Massive fish are not the be all and end all of saltwater fly fishing. Sometimes, awkward beauty triumphs. With wings, lips, spots and attitude, gurnard have a growing legion of fans. As featured in The Mission Issue 05.
Like a Gremlin crossed with a butterfly, Cape gurnard (Chelidonichthys capensis) and/or bluefin gurnard (Chelidonichthys kumu) are colourful, local members of the scorpionfishes. They could also claim the mantle of the Jar Jar Binks of the piscatorial world.
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You’ll find them along most parts of the South African coastline – from the Mozambique border to Namibian border. Generally bottom-dwelling fish, although mostly caught offshore, there’s a small band of die-hards targeting them in shallower water or from the side. Leonard Flemming of Feathers & Fluoro says that they seem to favour sandy substrates in deepish water, near drop offs or structure from the side.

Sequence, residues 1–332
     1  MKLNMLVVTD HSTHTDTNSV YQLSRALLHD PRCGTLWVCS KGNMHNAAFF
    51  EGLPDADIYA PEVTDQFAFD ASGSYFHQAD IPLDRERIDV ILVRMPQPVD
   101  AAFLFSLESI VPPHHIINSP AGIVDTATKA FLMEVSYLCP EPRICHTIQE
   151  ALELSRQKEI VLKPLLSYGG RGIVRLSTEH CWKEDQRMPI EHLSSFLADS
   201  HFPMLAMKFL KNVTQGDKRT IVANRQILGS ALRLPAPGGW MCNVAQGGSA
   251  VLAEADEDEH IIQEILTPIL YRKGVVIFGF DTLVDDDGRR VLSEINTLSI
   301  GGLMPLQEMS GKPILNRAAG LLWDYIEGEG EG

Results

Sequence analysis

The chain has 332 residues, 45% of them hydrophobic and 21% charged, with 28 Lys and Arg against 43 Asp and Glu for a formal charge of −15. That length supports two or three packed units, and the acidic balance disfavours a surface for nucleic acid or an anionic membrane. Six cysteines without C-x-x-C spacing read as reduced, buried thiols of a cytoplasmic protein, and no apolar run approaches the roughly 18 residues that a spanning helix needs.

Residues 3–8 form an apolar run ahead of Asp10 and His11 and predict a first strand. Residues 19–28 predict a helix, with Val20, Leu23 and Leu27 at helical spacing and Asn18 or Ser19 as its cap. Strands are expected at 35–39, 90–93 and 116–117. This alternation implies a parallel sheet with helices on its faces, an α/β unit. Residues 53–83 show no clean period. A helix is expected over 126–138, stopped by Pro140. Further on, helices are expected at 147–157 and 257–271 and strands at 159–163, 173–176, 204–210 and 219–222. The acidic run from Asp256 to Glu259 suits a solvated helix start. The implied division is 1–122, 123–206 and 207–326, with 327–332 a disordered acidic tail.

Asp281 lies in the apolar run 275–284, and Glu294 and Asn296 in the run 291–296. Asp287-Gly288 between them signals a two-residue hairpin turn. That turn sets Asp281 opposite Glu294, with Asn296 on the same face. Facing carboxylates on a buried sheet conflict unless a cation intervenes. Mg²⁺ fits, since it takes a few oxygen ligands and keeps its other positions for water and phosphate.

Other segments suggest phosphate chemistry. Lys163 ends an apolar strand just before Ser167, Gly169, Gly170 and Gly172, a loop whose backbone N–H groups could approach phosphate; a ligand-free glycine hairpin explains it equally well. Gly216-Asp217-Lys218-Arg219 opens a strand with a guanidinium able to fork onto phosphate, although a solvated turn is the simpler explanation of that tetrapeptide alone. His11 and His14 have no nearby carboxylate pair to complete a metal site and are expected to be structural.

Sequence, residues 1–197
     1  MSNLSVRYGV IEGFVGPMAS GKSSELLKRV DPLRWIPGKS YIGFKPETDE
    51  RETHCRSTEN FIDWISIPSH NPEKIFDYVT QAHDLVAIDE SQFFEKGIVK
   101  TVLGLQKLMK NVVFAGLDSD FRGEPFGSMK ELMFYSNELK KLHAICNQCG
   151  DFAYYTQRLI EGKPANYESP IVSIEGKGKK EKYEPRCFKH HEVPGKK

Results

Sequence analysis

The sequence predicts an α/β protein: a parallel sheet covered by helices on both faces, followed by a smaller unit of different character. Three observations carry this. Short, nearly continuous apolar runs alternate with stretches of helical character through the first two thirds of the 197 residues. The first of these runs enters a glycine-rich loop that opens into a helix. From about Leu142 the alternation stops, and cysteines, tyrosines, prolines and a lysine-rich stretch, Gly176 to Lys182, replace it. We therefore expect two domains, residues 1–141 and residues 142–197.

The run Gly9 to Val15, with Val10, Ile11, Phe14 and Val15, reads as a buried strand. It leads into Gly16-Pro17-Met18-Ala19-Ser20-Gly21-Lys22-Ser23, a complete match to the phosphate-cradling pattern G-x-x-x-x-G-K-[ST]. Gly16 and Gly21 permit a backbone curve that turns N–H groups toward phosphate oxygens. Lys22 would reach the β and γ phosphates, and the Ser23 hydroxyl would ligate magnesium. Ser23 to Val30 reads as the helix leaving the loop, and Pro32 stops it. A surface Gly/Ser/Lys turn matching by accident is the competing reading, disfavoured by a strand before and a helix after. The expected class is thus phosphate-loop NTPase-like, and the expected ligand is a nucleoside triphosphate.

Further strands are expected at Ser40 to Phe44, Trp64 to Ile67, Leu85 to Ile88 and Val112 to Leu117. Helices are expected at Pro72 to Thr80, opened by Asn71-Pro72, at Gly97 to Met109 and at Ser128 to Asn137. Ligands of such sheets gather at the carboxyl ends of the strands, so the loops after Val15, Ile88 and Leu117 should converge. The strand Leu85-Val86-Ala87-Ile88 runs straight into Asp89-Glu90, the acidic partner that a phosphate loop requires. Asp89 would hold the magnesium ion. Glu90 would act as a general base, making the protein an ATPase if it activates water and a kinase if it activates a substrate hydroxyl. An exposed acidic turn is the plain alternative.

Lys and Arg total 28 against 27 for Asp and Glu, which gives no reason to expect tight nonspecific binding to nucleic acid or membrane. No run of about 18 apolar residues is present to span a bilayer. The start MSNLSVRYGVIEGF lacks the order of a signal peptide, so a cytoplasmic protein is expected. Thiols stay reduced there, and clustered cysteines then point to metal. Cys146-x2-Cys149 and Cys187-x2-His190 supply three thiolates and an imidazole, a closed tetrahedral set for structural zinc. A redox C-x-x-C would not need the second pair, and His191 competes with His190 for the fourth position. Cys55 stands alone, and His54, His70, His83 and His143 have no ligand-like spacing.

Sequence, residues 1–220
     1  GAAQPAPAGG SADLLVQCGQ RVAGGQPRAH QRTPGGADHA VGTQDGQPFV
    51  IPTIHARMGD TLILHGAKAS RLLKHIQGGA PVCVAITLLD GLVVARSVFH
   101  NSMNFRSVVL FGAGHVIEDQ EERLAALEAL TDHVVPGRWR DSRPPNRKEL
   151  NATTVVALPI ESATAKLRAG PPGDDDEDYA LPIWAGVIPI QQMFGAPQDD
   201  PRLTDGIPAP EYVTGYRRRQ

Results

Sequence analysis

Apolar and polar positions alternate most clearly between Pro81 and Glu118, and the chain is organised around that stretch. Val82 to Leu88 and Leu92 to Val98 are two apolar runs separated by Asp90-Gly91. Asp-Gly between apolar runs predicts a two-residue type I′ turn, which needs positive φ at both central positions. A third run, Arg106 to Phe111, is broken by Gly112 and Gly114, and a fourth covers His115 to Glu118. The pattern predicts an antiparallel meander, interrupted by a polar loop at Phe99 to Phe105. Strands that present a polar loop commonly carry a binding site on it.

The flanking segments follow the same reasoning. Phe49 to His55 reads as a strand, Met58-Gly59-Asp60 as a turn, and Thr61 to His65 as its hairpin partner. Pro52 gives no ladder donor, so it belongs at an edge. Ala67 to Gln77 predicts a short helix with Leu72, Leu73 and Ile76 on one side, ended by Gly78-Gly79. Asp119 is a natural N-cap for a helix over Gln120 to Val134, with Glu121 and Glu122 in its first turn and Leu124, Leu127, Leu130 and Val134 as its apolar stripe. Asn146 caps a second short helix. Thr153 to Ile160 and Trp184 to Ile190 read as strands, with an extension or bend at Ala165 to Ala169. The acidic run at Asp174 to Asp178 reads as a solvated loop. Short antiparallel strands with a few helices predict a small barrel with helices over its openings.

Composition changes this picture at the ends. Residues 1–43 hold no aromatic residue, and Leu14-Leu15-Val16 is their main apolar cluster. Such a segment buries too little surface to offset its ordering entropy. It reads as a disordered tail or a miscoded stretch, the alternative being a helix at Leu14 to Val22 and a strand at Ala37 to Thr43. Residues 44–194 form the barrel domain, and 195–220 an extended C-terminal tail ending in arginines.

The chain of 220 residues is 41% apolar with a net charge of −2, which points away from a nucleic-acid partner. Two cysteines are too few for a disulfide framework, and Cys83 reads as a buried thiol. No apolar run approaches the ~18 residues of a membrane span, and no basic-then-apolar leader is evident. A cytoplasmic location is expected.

A crustacean imitation or a Clouser, a fast sinking line (lead core line) in deep water offshore, or an intermediate line if fishing from the shore, 5 to 9-weight, 15 lb tippet or less.
You, yourself and Irene. There are very few guides who target these gems, but there’s nothing stopping you.
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